DECISIONS. • Are binding in its entirety upon those to whom it is addressed. • In terms of scope & effect a decision is; • Immediately & completely binding on party. • Because of this it creates individual rights & can be directly effective. • Not generally applicable; depends on who decision is addressed to. • Difficult to define. • Can be legally binding or informal actions set down by guidelines. • Often used in EU competition law. Grad v Finanzamt. • Challenge by company relating to Germany breaching a tax directive. • Directive breached & decision made in relation to time tax directive to be implemented. • “It would be incompatible with the binding nature of decisions… to exclude the possibility that persons affected may invoke the obligations imposed by a decision the effectiveness of such a measure would be weakened if national courts could not invoke it & disregard it.” Recommendations & Opinions are rare to be relied upon in EU law. However Article 288 does include them and the Commission has powers to formulate recommendations & deliver opinions but these are not binding. Due to this recommendations are often seen as ineffective but they are useful for dealing with issues in an informal manner & they have been seen to have a persuasive effect in the ECJ.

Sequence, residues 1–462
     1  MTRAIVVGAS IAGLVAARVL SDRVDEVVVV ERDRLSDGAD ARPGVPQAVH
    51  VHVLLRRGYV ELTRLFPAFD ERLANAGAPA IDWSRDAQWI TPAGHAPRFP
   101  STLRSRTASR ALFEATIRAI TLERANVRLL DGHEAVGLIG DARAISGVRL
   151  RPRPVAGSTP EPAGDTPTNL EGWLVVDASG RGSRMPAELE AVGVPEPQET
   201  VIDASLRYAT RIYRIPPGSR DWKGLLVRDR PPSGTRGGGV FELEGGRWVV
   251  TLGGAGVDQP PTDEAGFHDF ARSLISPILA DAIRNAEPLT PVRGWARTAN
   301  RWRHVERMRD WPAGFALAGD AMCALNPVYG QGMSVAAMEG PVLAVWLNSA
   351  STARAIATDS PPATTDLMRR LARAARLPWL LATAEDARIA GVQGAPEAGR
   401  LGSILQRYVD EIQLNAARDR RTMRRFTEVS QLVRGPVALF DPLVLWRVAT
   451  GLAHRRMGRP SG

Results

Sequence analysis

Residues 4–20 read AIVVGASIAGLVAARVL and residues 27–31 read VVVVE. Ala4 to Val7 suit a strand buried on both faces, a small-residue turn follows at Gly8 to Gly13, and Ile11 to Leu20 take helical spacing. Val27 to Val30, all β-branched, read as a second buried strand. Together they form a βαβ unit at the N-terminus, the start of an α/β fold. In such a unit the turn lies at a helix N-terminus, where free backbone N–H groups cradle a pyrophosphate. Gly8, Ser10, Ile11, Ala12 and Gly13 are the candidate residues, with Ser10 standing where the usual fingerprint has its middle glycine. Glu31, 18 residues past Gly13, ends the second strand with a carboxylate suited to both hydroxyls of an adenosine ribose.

General Applicability Direct Applicability Direct Effect Treaty Articles (TFEU,Rome etc) Are applied generally through- out the EU. So are considered as generally applicable. Once a treaty is incorporated there is no need for further enactment of articles. Ratification=incorporation. Dependent on meeting the Van Gend en Loo’s criteria, if it does… Then they are directly effective. Regulations Are applied generally through- out the EU so are also generally applicable. These require no further implementation so are directly applicable. Also dependent on meeting the Van Gend en Loo’s criteria. Directives Usually tend to be addressed to all member states so they tend to be considered as generally applicable. Do require state implementation within a deadline, so cannot be considered directly applicable. Vertical direct effect only, (Defrenne v SABENA, Van Duyn, Marshall v Southampton) so can be directly effective. Decisions Tend to be addressed to particular individuals or parties so are not generally applicable. These are an order that must be complied with by the addressee in a state of proceedings so aren’t directly applicable. May confer rights on individuals affected by them so can be directly effective. General notes;